skip navigation

CrimeSolutions.gov

Add your conference to our Justice Events calendar

PUBLICATIONS

Register for Latest Research

Stay Informed
Register with NCJRS to receive NCJRS's biweekly e-newsletter JUSTINFO and additional periodic emails from NCJRS and the NCJRS federal sponsors that highlight the latest research published or sponsored by the Office of Justice Programs.

NCJRS Abstract

The document referenced below is part of the NCJRS Library collection. To conduct further searches of the collection, visit the NCJRS Abstracts Database. See the Obtain Documents page for direction on how to access resources online, via mail, through interlibrary loans, or in a local library.

 
  NCJ Number: NCJ 204029   Add to Shopping cart   Find in a Library
  Title: Deaths in Police Confrontations When Oleoresin Capsicum is Used
  Document URL: PDF 
  Author(s): Charles S. Petty M.D.
  Corporate Author: University of Texas Southwestern Medical Center
United States of America
  Date Published: 2002
  Page Count: 51
  Annotation: This document discusses fatal incidents in which law enforcement officers use oleoresin capsicum (O.C.) to control a subject.
  Abstract: O.C. is in the form of a stream or spray and is employed widely by law enforcement as a less-than-lethal weapon to accomplish individual or crowd control. Questions have arisen as to the safety in using O.C., both to the target person and to the officer that employs it. This study examined 63 cases on the basis of details of the law enforcement confrontation and modified by examination of the pathologic and toxicologic information. All of these cases involved drugs, disease, and drugs and disease combined with confrontational situations. In 7 of the 63 cases the cause of death was due to "position asphyxia" because the position of the subject can not use the normal and accessory muscles to adequately move air in-and -out of the lungs. The subject is usually lying face down, hands cuffed behind, the subject lies on his abdomen, which forces the abdominal contents up against the diaphragm inhibiting its use. Thirty-two of the 63 cases were subdivided as such. The results show that there is no evidence that O.C. as used by law enforcement officers in confrontational situations is a total or contributing cause of death, except when pre-existing asthma (or disease-narrowed airways) is present. As a tool for the law enforcement officer, O.C. ranks at the low end of the escalation of force scale and is relatively innocuous. The effectivity of O.C. is approximately 1 in 5, but this study included violent subjects alone, so violent that death ensued from the confrontation. 8 references, 7 tables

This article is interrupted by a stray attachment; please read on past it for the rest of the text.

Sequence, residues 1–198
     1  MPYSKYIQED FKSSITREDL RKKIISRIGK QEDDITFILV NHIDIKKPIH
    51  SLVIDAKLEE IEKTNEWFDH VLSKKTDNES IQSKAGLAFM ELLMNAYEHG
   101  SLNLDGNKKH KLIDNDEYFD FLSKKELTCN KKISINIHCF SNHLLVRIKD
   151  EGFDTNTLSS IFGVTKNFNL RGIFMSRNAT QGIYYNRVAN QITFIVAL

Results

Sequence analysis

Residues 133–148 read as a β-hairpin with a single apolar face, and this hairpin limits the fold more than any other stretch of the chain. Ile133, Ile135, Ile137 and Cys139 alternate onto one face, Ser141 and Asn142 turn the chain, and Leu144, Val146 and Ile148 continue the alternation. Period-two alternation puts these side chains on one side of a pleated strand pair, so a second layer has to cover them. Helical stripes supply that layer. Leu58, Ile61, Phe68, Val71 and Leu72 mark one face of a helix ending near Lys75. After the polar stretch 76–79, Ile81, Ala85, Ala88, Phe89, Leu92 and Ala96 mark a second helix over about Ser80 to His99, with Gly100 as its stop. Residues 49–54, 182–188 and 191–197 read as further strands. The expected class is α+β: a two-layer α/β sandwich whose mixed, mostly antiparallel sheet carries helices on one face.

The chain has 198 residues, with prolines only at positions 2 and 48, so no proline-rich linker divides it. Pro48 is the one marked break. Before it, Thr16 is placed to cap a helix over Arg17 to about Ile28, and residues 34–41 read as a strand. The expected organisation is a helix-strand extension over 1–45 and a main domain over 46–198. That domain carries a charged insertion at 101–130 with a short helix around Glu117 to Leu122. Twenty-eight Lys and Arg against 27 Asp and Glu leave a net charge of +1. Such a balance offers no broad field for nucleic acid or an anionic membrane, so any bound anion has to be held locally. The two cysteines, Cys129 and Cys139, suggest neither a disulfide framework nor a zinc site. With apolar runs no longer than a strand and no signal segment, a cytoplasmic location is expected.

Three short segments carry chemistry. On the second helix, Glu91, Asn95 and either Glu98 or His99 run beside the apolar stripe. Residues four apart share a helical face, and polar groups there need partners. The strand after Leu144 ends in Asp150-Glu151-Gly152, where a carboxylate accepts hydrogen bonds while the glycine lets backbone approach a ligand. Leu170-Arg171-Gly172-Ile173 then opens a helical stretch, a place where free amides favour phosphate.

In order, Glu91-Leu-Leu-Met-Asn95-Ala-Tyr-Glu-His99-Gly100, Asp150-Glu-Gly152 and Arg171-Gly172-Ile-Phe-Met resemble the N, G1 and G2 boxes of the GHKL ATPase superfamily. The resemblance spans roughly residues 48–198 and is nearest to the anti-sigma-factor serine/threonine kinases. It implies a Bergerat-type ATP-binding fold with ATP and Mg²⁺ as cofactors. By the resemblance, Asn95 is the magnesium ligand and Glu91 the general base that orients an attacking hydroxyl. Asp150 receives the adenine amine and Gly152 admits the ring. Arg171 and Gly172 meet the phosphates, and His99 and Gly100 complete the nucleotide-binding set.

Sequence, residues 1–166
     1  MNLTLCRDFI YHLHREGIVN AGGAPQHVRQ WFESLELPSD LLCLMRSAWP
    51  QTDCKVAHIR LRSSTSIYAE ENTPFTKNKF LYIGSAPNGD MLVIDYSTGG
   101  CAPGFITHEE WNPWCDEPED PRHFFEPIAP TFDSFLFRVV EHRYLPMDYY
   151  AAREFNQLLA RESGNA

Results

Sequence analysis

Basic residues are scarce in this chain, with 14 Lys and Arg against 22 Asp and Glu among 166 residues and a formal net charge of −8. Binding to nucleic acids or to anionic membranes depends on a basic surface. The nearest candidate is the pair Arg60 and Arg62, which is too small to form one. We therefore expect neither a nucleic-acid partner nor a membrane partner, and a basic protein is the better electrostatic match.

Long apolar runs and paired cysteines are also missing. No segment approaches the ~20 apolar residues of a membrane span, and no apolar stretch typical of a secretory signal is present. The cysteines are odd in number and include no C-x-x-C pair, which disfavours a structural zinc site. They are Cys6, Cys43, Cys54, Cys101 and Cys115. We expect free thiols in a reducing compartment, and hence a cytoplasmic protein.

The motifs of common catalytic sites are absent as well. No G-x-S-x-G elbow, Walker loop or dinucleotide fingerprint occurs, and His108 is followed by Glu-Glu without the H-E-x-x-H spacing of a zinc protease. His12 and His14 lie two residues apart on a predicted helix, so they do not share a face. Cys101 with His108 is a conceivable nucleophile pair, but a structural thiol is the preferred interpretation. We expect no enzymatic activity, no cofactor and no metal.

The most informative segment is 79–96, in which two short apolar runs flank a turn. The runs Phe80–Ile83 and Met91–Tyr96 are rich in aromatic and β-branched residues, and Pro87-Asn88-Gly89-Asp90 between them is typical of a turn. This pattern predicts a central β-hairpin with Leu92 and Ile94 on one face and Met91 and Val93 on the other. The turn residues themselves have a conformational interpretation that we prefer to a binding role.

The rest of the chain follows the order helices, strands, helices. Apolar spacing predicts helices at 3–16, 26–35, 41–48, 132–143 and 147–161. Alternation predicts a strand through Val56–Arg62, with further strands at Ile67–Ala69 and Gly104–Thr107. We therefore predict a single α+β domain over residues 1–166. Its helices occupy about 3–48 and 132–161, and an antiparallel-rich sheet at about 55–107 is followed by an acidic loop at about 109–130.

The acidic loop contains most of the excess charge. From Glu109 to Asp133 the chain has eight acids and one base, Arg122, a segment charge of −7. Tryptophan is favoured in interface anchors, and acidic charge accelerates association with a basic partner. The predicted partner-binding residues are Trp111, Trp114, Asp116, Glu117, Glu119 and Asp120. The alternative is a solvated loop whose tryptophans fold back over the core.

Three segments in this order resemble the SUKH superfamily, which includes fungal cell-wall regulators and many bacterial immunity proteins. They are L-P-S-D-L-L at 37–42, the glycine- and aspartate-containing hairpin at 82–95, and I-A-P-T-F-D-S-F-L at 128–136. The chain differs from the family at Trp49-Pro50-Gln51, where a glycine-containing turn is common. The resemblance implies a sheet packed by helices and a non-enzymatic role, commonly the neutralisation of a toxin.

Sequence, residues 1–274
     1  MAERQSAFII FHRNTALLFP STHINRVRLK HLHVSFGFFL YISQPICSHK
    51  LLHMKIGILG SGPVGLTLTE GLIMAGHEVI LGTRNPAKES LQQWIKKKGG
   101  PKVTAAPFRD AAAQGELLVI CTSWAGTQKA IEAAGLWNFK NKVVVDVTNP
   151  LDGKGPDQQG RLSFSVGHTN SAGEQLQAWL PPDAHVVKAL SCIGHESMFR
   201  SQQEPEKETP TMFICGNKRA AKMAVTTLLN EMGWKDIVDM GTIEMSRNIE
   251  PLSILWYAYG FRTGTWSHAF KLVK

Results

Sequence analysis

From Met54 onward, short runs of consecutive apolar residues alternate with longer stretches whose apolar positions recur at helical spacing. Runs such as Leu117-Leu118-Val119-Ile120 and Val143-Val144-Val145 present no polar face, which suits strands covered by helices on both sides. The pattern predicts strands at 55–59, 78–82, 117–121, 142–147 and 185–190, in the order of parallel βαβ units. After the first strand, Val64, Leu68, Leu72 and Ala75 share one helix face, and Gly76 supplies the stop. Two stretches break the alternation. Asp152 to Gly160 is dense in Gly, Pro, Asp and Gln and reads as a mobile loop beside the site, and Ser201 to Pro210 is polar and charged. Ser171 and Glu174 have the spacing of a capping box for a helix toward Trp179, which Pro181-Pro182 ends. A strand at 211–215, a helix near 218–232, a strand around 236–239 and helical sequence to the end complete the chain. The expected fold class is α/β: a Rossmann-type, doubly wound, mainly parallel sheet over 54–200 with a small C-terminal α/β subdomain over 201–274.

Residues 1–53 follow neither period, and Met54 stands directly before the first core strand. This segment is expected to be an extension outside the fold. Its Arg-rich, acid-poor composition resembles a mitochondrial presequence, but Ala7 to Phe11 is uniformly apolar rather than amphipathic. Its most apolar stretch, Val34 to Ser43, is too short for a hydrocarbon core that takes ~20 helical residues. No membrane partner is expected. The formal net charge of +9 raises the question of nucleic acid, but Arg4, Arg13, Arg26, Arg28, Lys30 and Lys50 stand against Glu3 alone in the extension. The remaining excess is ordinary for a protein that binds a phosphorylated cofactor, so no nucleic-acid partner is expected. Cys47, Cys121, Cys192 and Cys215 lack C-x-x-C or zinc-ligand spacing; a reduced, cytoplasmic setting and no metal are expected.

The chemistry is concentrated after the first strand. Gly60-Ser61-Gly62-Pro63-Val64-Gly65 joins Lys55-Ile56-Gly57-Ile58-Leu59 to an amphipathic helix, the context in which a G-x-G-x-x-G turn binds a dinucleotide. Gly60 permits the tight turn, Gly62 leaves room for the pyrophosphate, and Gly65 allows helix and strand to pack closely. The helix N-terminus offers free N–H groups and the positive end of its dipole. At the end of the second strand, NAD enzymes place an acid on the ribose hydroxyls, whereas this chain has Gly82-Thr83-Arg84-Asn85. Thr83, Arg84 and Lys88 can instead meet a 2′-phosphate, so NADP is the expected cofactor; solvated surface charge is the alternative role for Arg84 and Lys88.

Main Term(s): Custody deaths ; Oleoresin Capsicum (OC)/Pepper Spray
  Index Term(s): Fatalities ; Riot control agents ; Less Lethal/ Nonlethal Weapons ; Weapons ; Lawful use of force ; Chemical irritants ; NIJ grant-related documents
  Sponsoring Agency: National Institute of Justice (NIJ)
US Department of Justice
Office of Justice Programs
United States of America
  Grant Number: 2001-M7-56
  Sale Source: NCJRS Photocopy Services
Box 6000
Rockville, MD 20849-6000
United States of America

University of Texas Southwestern Medical Center
5323 Harry Hines Blvd.
Dallas, TX 75390
United States of America
  Type: Report (Study/Research)
  Country: United States of America
  Language: English
  Note: Dataset may be archived by the NIJ Data Resources Program at the National Archive of Criminal Justice Data
   
  To cite this abstract, use the following link:
https://www.ncjrs.gov/App/Publications/abstract.aspx?ID=204029

*A link to the full-text document is provided whenever possible. For documents not available online, a link to the publisher's website is provided. Tell us how you use the NCJRS Library and Abstracts Database - send us your feedback.